To clarify: The application’s main thread is not always the UI thread.
For example: If an activity is stopped, the onStop() is invoked, hence the UI thread is taken away from that activity and moved to another activity within the same or a different application.
However, it doesn’t mean that this application is no longer active. Furthermore, if there is a (started) service running in the background, it may continue for a while, until it terminates or the Android OS terminates it due to lack of resources.
Who runs this service during that time? Who triggers the onStop() or the onDestroy()? It’s the application’s main thread doing that.
The UI thread is a kind of Singleton. It can be used by only one visible activity at a time. Either the application’s main thread is joined/attached to the UI thread or another one gets it. However this does not mean, that the application doesn’t have a main thread of its own.
This behavior comes from the Linux\Unix foundation of the Android System. What most developers are not aware of: The application is a “user” within the Linux\Unix OS.
Whenever an application is invoked, it is similar to a user logging into the system. In the application’s case, the user id is the unique application id, while no password is required. The new logged in “user” (i.e. Android application) gets a process and resources such as an instance of the Java Virtual Machine. The process is dedicated to this user and the resources including file system quota, file descriptors and handlers allow it to communicate with the OS.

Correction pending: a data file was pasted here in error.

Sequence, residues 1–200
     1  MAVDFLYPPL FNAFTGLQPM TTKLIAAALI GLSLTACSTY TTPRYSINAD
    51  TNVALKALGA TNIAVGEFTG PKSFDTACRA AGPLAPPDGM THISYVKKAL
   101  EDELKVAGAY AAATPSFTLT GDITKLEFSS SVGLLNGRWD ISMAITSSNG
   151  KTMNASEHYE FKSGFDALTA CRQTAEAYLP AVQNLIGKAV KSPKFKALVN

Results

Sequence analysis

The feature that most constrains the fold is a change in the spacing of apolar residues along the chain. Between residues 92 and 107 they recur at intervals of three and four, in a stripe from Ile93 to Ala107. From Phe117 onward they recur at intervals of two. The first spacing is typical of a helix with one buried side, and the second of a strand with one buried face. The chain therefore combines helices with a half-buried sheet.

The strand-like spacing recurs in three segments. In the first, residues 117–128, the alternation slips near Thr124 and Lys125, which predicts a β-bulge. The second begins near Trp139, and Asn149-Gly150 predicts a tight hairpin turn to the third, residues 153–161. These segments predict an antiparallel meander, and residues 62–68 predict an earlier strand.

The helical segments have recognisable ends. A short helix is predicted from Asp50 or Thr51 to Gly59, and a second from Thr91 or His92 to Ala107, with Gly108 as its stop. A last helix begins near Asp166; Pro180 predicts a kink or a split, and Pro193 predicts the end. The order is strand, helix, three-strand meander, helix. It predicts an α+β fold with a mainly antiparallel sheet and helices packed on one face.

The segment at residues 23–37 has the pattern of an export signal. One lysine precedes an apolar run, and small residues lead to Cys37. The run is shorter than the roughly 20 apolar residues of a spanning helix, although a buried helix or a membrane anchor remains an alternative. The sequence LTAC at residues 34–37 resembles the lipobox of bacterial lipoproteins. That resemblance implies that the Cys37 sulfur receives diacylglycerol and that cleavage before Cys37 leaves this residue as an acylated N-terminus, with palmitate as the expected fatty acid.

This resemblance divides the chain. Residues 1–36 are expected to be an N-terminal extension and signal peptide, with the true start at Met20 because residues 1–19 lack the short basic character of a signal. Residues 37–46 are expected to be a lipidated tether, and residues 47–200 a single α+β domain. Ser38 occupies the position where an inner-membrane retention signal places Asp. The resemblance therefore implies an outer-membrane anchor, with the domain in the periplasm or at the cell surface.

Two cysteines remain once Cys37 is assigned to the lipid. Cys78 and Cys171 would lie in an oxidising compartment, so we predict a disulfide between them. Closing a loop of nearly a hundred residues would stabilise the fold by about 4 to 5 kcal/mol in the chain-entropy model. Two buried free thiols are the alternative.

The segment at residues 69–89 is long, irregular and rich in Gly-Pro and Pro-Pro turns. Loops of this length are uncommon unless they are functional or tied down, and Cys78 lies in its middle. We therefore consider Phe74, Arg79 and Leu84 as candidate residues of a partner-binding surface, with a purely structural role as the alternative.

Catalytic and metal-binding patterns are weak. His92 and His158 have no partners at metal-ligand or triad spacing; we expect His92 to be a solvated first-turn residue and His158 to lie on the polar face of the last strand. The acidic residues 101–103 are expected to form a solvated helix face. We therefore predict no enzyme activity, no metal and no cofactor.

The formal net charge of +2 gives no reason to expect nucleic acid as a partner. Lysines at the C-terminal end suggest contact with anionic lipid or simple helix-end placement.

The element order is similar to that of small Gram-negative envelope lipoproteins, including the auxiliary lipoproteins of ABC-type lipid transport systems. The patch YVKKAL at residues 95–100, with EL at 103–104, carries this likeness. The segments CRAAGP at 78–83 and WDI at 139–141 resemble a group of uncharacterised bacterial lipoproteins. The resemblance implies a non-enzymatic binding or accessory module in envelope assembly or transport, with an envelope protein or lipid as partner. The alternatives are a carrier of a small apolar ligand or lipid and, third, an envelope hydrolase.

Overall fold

The android application’s main thread is the root thread that is created from the process the Android OS hands over to that application. Any new threads created in this application will always return to the main thread.
One of system resources that the application’s main thread can gain access to, is the UI thread. Hence the application can request the main thread, however the request may be refused (or granted). An example: In case the application process exceeds it’s allowed memory allocation size, the Android OS may decide to refuse access to the UI thread and even destroy the application and terminate the process.
It is possible to define more than on process for an application (Unix process fork) via definition in the AndroidManifest.xml. However, bear in mind, that the resources assigned to each process will be different, i.e. each process will have its own VM, hence objects maintained in the different processes will not be able to share information via the same JVM heap.